I have binary vectors, each with a binary outcome: for example:

|A|B|C| outcome
 1 0 0 -> 0
 0 0 1 -> 0
 1 0 1 -> 0
 0 1 0 -> 1
 0 1 1 -> 1

How can I test which of my attributes (A,B and C in this example) have a significant impact on my outcome? Test the summed quadratic difference (in this binary case the same as the absolute difference) between the outcome and each variable over all vectors against 0? If yes, how is this test statistic distributed?

Many attributes will be 1 in less than 1% of all cases including the outcome, but I have ca 1 million of those vectors. How do I deal with this while testing for significance? Do I even need to with this sample size?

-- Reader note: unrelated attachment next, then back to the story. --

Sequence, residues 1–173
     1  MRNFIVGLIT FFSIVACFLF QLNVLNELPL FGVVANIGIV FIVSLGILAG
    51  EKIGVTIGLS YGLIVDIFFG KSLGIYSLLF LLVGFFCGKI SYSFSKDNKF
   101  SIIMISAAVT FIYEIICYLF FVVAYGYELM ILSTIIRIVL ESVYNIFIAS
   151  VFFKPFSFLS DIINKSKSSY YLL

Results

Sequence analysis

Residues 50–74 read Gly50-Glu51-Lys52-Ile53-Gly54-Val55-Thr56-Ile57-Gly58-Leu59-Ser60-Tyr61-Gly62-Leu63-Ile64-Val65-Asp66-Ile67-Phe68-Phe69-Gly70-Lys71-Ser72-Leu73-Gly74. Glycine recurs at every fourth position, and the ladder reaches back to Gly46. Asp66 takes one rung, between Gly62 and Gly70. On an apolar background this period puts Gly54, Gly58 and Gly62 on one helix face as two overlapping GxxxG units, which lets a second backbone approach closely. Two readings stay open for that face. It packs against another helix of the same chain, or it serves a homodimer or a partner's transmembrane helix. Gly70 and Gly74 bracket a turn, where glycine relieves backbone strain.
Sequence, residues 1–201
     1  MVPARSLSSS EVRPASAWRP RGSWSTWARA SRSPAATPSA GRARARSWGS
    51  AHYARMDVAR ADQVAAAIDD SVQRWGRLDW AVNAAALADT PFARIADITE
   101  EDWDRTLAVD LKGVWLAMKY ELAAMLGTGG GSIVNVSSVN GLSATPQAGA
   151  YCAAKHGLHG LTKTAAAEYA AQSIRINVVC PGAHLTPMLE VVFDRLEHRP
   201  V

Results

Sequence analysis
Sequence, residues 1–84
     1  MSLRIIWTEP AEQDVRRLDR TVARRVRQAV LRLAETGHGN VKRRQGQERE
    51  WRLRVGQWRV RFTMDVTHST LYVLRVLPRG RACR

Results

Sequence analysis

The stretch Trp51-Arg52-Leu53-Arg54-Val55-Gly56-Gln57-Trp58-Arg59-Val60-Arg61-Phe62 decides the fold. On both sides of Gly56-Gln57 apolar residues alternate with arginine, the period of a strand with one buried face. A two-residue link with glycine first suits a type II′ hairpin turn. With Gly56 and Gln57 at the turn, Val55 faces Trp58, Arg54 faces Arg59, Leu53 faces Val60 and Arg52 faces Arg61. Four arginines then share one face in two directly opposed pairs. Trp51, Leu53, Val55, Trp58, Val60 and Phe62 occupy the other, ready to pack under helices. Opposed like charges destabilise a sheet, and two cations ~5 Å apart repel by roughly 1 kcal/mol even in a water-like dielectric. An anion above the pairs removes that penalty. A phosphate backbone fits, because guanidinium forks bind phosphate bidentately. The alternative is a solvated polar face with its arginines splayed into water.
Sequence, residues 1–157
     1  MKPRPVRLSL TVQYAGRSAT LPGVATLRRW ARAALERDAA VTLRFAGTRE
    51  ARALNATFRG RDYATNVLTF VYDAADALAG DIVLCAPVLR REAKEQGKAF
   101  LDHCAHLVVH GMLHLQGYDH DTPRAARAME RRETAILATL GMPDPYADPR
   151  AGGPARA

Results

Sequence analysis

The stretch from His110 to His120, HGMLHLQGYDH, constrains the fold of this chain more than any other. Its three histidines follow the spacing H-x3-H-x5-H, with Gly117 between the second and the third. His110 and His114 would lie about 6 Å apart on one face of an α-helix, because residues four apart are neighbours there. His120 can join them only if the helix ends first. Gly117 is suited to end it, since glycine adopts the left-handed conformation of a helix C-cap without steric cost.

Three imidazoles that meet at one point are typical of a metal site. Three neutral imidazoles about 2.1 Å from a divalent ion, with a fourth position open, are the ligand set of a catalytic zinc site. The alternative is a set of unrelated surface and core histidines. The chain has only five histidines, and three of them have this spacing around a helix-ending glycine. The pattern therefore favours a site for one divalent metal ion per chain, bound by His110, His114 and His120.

To test for covariance I would just add constructed variables like A*B, A*C, B*C and A*B*C. Am I right with this approach?


1 Answer 1


You really want to look up logistic regression. A simple example of how you would do it in R might be the following:

m <- glm( outcome ~ A * B * C, family = 'binomial' )

Note that I'm assuming when you say you have "a million of those vectors" you mean that for the predictor variable you have a million measures. If you really have over a million predictors you likely need to do some reduction first.

There are some other ways to address this problem, like doing analyses of the numbers of 0s and 1s in the various categories. You will run into a problem regardless of what technique you select if you're just looking for what's "significant". You're getting into a number of measures where almost anything will be statistically significant. In that case you really need to focus on what's meaningful in the data.


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